Most of the cultivation pools in my room are now showing much smaller coronas than earlier. In each pool the corona is of constant size over the whole bacterial film surface, but from pool to pool their size vary.
Even though these coronas are smaller than before, they still are large as compared to pollen coronas. Unfortunately I have no photos for comparison.
In the composite image are two coronas photographed with same lens (not to scale with upper single image, which has been taken with zoom lens). The microphotograph of the bacterial film is from the smaller corona on the left.
The light source was a 50 W halogen spotlight that I made even more concentrated by placing the lamp in a cardboard box, into which a small hole was made for light to come through. When taking photos, the room was otherwise darkened.
[Posted by Marko Riikonen]
Excavating the literature finally gave confirmation that it is the alga Chromulina rosanoffii that causes Quetelet rings and glory on water surface. This unique sort of alga separates itself from the water surface by forming a stalk on top of which it rests. This is seen in the right hand microphoto which is taken parallel to the water surface. Light blue is air and black is water. On the left is a photo taken at right angle to the water surface, thus giving a look at the C. rosanoffii forest from above (transmitted light). If the alga is for some reason submerged in the water, it sheds its stalk and starts immediately swimming. The b&w photos here show C. rosanoffii submerged in water.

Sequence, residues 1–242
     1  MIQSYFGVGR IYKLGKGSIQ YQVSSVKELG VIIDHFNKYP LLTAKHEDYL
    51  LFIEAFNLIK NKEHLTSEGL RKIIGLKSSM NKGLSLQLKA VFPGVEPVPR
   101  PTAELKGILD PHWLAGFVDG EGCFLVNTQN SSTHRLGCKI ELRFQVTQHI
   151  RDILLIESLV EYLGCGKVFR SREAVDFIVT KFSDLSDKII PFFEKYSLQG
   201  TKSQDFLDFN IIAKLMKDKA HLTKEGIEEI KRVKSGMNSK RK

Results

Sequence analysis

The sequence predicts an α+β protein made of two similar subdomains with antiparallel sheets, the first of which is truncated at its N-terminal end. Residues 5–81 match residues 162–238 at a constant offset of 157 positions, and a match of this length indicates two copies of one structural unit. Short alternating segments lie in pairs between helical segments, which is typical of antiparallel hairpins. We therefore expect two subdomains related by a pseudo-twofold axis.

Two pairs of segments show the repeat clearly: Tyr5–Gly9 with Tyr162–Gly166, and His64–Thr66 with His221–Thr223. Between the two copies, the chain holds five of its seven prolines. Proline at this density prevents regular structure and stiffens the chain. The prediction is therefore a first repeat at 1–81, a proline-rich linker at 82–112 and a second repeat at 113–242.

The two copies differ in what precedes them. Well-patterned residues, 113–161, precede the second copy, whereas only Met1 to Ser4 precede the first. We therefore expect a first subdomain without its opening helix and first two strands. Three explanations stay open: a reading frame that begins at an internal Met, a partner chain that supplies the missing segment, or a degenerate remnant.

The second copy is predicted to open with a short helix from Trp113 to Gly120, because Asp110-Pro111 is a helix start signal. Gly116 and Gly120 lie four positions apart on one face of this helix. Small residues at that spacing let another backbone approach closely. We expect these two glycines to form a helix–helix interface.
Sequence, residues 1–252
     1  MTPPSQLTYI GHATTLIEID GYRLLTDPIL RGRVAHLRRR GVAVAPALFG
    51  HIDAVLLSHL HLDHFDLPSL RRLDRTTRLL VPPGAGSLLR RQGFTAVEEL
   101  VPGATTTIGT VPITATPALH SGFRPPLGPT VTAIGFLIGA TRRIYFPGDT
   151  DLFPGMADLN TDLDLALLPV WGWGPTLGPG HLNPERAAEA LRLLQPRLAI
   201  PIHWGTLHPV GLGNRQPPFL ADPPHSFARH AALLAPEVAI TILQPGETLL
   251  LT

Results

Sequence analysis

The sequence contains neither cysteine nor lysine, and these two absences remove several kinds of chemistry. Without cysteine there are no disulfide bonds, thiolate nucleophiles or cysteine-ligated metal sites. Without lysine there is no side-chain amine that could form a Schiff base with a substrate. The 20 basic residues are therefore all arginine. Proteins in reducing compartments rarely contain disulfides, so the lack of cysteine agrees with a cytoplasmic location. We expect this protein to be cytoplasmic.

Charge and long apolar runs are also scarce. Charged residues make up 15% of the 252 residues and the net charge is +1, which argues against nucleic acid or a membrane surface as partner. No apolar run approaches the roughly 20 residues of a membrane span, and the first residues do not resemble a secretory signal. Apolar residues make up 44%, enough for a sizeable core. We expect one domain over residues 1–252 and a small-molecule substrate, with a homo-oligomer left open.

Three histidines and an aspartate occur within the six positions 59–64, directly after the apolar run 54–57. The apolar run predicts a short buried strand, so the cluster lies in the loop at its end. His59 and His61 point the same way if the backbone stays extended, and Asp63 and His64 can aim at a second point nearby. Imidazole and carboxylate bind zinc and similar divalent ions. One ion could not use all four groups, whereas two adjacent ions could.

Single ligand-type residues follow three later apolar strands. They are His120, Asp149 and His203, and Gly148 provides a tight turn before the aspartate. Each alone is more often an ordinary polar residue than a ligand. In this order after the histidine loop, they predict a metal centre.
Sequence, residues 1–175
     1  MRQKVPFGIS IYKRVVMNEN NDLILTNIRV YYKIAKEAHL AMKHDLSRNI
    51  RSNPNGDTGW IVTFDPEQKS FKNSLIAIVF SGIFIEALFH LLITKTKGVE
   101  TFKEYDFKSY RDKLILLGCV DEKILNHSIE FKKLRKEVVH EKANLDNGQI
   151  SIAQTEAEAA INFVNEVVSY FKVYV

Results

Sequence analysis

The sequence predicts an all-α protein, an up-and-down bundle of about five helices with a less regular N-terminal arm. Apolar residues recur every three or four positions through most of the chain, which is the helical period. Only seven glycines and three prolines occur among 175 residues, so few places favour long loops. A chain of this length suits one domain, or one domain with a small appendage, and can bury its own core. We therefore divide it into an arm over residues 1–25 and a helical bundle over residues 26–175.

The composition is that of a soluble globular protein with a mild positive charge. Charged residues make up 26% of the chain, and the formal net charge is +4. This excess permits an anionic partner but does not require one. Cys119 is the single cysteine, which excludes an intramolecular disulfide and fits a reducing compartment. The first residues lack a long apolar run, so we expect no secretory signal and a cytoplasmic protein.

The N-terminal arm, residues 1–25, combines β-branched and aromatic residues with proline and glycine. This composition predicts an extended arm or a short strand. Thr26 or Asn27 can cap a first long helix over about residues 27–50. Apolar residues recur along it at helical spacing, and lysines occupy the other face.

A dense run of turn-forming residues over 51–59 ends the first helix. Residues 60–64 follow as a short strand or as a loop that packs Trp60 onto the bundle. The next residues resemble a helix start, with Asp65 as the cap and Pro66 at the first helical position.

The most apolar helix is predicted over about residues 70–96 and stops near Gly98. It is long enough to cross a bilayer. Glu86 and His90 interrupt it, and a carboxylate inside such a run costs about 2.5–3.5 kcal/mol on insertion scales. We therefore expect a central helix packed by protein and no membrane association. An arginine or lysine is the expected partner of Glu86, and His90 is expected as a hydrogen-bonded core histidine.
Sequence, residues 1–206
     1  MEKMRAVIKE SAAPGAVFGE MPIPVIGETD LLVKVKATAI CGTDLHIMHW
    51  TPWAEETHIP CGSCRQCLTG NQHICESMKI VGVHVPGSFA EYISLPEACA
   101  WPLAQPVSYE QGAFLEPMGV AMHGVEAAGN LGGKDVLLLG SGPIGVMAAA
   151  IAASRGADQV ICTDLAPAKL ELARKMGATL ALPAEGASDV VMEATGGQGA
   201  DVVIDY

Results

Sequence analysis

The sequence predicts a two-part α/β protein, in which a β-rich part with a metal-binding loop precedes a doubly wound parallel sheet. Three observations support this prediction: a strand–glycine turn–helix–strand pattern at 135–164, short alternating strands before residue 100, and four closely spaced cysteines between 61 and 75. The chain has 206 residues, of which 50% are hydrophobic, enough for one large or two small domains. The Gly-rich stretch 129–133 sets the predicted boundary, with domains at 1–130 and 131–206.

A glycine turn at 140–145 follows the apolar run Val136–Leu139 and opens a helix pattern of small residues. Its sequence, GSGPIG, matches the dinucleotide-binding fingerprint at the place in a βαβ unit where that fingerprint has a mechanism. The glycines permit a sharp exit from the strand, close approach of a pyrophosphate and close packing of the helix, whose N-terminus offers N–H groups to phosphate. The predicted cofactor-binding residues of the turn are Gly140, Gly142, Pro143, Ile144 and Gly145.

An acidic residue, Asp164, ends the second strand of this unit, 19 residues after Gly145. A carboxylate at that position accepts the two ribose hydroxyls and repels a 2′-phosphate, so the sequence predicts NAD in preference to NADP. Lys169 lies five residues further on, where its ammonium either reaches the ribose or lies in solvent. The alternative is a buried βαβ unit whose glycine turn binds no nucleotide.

Also two photos of the optical phenomena caused by this alga are displayed in the composite. On the left is a fisheye view with Quetelet rings. The glow around the camera shadow is fogbow. Notice the brightening towards nadir in fogbow, indicating possibly non-spherical particles. The photo on right is taken further away from the cultivation tub, showing spectral colored glory rings. Attached to the outmost glory ring is faint, white fogbow.
All said here about the biology of C. rosanoffii was known long time ago. The alga was described in 1880 by Russian botanist Woronin, who encountered it while visiting Finland. One aspect of the studies carried since has been the golden glow that well developed C. rosanoffii surface film displays, as shown beside and here. But I have not yet met in the literature any mention of the spectral colors, which strikes me as a small wonder. However, there is still plenty of reading to be done, so something may come up.
[Posted by Marko Riikonen]
On June 13th Thorsten Falke from the German North Sea isle “Düne” (near of isle “Helgoland”) was walking along the seashore, when he saw criss-cross light structures on the seabed obviously caused by refraction by the surface waves. He had seen the phenomena often before but this time it seemed to be coloured. He decided to paddle out into the water to take pictures. It was difficult to see the colours visually because of the rapid movement of the little waves (only 2 cm “high”) but in many of the pictures the colours were evident. The appended picture was taken with a macro lens and shows a shell in 10 cm deep water with a colourful refraction band across it. Because of the macro lens the picture is nearly 2 times life size. Another refraction is located at the upper edge of the picture. If he remembers rightly, the light was coming from the left side and was parallel to the wave crests. The main interest of Thorsten is to observe whether the colourful refraction is seen only when the wave crests are parallel to the light direction or if it is also visible when the crests are at right angles to the sunlight.